Format

Send to

Choose Destination
Reprod Toxicol. 2012 Jul;33(4):491-505. doi: 10.1016/j.reprotox.2011.11.005. Epub 2011 Dec 1.

Effects of perfluorooctanoic acid (PFOA) on expression of peroxisome proliferator-activated receptors (PPAR) and nuclear receptor-regulated genes in fetal and postnatal CD-1 mouse tissues.

Author information

1
Developmental Toxicology Branch, Toxicity Assessment Division (MD-67), National Health and Environmental Effects Research Laboratory, Office of Research and Development, US Environmental Protection Agency, Research Triangle Park, NC 27711, United States. Electronic address: Abbott.barbara@epa.gov.
2
Developmental Toxicology Branch, Toxicity Assessment Division (MD-67), National Health and Environmental Effects Research Laboratory, Office of Research and Development, US Environmental Protection Agency, Research Triangle Park, NC 27711, United States.

Abstract

PPARs regulate metabolism and can be activated by environmental contaminants such as perfluorooctanoic acid (PFOA). PFOA induces neonatal mortality, developmental delay, and growth deficits in mice. Studies in genetically altered mice showed that PPARα is required for PFOA-induced developmental toxicity. In this study, pregnant CD-1 mice were dosed orally from GD1 to 17 with water or 5mg PFOA/kg to examine PPARα, PPARβ, and PPARγ expression and profile the effects of PFOA on PPAR-regulated genes. Prenatal and postnatal liver, heart, adrenal, kidney, intestine, stomach, lung, spleen, and thymus were collected at various developmental ages. RNA and protein were examined using qPCR and Western blot analysis. PPAR expression varied with age in all tissues, and in liver PPARα and PPARγ expression correlated with nutritional changes as the pups matured. As early as GD14, PFOA affected expression of genes involved in lipid and glucose homeostatic control. The metabolic disruption produced by PFOA may contribute to poor postnatal survival and persistent weight deficits of CD-1 mouse neonates.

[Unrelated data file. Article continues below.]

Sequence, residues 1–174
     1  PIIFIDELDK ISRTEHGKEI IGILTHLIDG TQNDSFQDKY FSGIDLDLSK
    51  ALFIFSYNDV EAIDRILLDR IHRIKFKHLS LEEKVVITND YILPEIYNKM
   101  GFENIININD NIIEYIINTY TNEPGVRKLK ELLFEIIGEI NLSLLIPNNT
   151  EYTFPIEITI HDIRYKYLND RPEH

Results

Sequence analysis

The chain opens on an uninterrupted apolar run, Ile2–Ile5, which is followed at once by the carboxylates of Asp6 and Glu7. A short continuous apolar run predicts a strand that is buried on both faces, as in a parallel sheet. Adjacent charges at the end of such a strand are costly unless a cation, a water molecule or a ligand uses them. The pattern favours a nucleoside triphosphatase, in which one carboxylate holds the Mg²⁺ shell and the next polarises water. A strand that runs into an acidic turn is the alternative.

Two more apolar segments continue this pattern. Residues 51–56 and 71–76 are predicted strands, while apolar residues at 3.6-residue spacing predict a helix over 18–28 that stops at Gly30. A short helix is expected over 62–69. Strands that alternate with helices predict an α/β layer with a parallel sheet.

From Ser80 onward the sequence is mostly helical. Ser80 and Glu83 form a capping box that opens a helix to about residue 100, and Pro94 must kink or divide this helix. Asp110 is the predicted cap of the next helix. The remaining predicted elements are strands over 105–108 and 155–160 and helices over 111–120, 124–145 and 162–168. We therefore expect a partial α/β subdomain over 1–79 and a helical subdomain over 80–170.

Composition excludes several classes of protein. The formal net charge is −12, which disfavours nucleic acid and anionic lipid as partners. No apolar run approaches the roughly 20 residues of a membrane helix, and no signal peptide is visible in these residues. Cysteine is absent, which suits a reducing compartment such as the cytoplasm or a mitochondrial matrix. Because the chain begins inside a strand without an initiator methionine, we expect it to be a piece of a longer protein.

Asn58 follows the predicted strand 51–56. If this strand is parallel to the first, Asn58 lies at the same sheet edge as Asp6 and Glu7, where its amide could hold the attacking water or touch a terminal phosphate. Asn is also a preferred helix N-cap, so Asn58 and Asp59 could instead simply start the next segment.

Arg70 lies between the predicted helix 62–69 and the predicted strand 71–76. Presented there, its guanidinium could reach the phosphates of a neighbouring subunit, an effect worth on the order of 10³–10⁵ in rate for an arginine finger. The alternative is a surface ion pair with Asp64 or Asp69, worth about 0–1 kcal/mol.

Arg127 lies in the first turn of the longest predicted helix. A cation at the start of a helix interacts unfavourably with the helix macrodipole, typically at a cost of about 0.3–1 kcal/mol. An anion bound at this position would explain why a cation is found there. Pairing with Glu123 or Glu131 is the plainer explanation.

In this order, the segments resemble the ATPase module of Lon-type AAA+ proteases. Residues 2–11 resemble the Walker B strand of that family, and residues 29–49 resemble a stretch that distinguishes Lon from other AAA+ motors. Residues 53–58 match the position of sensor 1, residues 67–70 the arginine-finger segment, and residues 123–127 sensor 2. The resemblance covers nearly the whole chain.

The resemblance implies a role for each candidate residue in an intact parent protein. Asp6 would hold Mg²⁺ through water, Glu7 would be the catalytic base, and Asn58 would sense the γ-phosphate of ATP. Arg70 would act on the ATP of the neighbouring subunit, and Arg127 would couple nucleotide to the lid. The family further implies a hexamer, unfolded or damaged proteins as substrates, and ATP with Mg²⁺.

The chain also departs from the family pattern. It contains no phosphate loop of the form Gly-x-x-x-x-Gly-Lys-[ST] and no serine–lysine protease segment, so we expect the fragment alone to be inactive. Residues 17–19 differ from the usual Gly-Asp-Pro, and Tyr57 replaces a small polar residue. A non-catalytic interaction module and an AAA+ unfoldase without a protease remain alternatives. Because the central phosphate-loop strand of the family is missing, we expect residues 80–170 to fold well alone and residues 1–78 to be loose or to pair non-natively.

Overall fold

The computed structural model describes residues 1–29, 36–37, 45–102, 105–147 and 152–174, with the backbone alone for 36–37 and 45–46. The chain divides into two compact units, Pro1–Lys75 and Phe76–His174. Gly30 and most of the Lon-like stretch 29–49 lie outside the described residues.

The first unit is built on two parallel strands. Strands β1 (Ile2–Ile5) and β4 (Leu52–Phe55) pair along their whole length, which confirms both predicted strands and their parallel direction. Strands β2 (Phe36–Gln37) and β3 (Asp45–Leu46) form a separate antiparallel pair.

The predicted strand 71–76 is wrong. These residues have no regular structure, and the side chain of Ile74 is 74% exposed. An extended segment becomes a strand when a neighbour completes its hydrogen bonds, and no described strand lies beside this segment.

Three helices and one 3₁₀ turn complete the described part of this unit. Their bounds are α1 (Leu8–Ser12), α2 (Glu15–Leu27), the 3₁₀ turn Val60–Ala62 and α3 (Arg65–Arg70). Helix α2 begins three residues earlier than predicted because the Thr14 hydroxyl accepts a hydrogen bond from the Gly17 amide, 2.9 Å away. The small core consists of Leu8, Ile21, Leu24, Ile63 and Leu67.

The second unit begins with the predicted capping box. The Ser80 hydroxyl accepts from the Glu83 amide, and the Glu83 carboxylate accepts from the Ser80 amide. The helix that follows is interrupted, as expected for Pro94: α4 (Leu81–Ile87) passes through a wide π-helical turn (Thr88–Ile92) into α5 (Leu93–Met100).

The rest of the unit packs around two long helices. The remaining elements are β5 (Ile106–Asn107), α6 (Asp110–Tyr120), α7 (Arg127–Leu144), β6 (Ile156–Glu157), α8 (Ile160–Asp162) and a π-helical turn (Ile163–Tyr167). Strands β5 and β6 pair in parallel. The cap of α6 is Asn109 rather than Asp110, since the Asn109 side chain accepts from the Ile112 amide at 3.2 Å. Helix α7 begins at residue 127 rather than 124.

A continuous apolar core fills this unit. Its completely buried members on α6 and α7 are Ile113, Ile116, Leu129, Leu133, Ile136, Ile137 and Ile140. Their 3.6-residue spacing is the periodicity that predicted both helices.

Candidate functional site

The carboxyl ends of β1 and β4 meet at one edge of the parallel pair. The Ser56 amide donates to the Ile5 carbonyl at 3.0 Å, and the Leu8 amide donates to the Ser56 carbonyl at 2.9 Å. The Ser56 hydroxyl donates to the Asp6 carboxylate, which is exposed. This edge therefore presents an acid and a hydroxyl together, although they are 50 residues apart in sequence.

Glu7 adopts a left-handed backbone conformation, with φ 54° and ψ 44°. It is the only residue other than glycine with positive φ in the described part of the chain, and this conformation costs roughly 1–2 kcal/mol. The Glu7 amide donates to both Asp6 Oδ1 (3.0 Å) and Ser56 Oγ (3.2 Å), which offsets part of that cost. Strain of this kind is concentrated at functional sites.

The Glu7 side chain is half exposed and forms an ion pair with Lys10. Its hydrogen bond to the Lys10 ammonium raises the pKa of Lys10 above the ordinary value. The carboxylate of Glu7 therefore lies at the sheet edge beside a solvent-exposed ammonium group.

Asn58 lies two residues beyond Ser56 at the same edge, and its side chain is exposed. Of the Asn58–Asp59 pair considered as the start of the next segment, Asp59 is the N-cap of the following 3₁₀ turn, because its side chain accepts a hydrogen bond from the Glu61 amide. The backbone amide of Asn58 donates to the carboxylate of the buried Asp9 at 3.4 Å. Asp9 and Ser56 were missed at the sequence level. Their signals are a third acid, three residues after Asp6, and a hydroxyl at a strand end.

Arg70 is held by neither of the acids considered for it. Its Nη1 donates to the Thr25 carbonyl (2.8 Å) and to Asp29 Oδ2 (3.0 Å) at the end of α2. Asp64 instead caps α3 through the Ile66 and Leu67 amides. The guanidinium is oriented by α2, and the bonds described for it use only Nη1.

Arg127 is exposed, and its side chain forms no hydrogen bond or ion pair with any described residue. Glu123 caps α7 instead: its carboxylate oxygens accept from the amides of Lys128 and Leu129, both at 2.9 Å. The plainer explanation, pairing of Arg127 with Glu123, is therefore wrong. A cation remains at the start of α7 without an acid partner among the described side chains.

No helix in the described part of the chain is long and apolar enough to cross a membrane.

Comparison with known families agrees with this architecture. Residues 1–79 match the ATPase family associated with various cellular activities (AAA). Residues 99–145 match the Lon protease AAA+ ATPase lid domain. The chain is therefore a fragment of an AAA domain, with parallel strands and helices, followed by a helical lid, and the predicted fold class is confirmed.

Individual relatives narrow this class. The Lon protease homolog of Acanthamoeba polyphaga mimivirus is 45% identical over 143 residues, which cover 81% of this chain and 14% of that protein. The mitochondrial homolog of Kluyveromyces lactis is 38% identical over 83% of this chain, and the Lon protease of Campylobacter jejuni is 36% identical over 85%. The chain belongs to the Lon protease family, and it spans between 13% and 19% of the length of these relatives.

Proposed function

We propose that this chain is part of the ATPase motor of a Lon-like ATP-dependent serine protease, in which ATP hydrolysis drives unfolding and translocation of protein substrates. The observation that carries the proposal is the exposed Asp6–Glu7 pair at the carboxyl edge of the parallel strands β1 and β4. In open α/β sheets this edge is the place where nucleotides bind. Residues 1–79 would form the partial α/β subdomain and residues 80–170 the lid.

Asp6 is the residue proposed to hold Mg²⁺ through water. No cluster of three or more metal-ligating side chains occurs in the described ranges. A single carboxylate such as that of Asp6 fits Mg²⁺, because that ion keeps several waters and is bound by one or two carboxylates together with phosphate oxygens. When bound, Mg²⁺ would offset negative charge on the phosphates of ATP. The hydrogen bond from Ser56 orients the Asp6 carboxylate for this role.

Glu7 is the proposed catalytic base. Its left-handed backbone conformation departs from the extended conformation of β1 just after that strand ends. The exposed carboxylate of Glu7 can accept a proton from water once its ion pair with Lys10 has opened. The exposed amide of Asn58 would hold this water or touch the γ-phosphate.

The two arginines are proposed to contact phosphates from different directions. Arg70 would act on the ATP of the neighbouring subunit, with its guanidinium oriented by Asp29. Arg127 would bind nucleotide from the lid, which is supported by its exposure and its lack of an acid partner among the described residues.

PMID:
22154759
DOI:
10.1016/j.reprotox.2011.11.005
[Indexed for MEDLINE]

Supplemental Content

Full text links

Icon for Elsevier Science
Loading ...
Support Center